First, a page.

Swype Scores $1.3M, Onehub Raises $600K, Genzyme Comes to Town, & More Seattle-Area Deals News

4/7/09Follow @gthuang

It was a fairly quiet week for Northwest deals, with activity in biotech, software, and mobile. Let’s see if the sunny weather brings more action.

—Seattle Genetics (NASDAQ: SGEN), a Bothell, WA-based developer of cancer drugs, provided a worldwide license to use its technology to Millennium: The Takeda Oncology Company in exchange for $4 million upfront, as Luke reported. The technology combines antibodies that seek out tumors with toxins to make them more potent. Millennium will pay to develop the drug candidate, as well as a mid-single-digit percentage royalty on sales if it turns the technology into a product.

—Luke reported on the ongoing partnership between biotech startup VLST and Danish pharmaceutical giant Novo Nordisk in the South Lake Union neighborhood of Seattle. The original deal, announced in December, brought in $12 million to VLST in exchange for Novo gaining the rights to develop drugs against cell targets VLST has discovered for autoimmune and inflammatory diseases.

—Seattle-based Swype, which makes text-input software for mobile devices, raised $1.3 million in funding from angel investors and company management. Swype’s technology lets people enter text by tracing a path on a touch-screen keyboard using a stylus or their fingertip.

—Bellevue, WA-based Onehub, a maker of collaborative software for business users, closed about $600,000 in funding as part of an ongoing $1 million fundraising round. The investors and other terms were not disclosed. Onehub, founded in 2007, has developed a Web-based application that helps companies share information and manage projects.

—MDRNA (NASDAQ: MRNA), a Bothell, WA-based developer of drugs that use RNA interference technology, sold its assets related to a nasal spray drug for osteoporosis to Par Pharmaceutical, as Luke reported. MDRNA receives an undisclosed cash payment upfront, as well as a double-digit percentage royalty on sales of the product. Par will assume the manufacturing and operating costs related to the drug.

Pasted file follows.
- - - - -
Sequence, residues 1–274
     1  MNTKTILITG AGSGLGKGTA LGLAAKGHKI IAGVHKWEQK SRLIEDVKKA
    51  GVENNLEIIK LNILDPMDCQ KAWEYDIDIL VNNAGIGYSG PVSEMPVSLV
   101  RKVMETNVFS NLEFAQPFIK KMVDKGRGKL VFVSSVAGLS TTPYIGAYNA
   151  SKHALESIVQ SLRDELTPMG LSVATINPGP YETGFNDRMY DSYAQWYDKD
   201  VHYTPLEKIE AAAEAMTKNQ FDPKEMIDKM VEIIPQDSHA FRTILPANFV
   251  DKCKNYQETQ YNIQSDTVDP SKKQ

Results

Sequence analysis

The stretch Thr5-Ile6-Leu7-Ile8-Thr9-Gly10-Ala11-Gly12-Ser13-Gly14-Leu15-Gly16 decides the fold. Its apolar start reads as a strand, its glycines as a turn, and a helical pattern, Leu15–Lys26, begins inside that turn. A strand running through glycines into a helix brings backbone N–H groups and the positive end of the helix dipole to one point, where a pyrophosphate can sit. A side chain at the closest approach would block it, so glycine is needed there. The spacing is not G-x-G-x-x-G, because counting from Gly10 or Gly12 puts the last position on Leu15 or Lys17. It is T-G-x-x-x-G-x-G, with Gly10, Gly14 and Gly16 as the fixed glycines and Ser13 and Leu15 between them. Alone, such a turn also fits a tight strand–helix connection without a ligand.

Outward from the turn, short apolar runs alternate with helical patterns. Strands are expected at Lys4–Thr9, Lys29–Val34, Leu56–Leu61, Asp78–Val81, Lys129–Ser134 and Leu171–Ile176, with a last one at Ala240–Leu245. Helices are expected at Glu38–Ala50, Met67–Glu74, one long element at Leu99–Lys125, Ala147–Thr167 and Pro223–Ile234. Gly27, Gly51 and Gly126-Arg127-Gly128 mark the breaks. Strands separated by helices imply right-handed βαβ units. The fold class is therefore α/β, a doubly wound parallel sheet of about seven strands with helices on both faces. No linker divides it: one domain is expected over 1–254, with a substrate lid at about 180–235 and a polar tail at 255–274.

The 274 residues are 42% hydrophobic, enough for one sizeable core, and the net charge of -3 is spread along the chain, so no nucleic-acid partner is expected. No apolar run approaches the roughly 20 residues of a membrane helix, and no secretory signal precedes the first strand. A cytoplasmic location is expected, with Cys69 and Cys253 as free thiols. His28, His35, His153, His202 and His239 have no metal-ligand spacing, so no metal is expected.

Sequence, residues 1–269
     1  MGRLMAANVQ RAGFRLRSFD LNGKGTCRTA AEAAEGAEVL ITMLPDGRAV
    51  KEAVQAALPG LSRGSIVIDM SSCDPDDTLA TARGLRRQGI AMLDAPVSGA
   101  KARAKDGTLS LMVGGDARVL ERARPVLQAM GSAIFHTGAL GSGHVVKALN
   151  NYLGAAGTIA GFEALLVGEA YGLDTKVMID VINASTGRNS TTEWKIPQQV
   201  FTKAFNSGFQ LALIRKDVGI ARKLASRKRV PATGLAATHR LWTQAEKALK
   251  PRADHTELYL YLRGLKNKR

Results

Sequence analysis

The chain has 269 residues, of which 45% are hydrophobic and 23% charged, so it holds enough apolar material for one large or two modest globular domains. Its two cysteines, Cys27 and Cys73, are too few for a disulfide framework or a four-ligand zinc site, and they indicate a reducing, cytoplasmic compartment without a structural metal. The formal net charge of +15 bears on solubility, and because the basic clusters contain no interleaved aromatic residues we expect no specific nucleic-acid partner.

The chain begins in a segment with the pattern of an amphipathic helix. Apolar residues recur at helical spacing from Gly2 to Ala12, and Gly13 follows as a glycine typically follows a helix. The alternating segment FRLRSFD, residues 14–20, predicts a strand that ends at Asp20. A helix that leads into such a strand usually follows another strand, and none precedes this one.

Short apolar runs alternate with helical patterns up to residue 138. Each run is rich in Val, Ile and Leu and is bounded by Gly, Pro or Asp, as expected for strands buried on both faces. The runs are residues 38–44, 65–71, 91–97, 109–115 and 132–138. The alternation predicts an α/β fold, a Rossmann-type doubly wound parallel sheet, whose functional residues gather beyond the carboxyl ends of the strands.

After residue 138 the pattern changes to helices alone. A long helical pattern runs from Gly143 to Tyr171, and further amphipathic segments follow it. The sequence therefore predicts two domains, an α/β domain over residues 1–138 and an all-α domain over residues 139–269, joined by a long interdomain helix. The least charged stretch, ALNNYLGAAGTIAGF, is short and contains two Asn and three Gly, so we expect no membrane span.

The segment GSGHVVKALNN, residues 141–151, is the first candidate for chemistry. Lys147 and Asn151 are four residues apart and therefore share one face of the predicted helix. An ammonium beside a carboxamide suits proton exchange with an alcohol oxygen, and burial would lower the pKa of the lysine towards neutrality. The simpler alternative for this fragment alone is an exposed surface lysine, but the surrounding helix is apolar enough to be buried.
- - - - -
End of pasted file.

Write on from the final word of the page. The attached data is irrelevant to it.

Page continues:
—Luke reported that Cambridge, MA-based Genzyme (NASDAQ: GENZ, the world’s largest maker of drugs for rare genetic diseases, is moving into cancer and multiple sclerosis by acquiring three drugs from German drugmaker Bayer AG—including one, Leukine, that gives Genzyme its first foothold in Seattle. Leukine, which is made in Seattle and Bothell, WA, boosts production of white blood cells for chemotherapy patients. Genzyme is not paying upfront fees, but expects to take over manufacturing of Leukine at a new factory in Snohomish County next year.

—Seattle cloud computing startup Skytap’s $7 million funding round from last month was worth a closer look. I spoke with CEO Scott Roza and director of product management Ian Knox about the financing, which came from the company’s existing Seattle-area investors Ignition Partners, Madrona Venture Group, and WRF Capital. Roza and Knox also touched on Skytap’s strategy as it prepares to take on big players in the cloud like Amazon, Google, and EMC.

Gregory T. Huang is Xconomy's Deputy Editor, National IT Editor, and the Editor of Xconomy Boston. You can e-mail him at gthuang@xconomy.com or call him at 617-252-7323. Follow @gthuang

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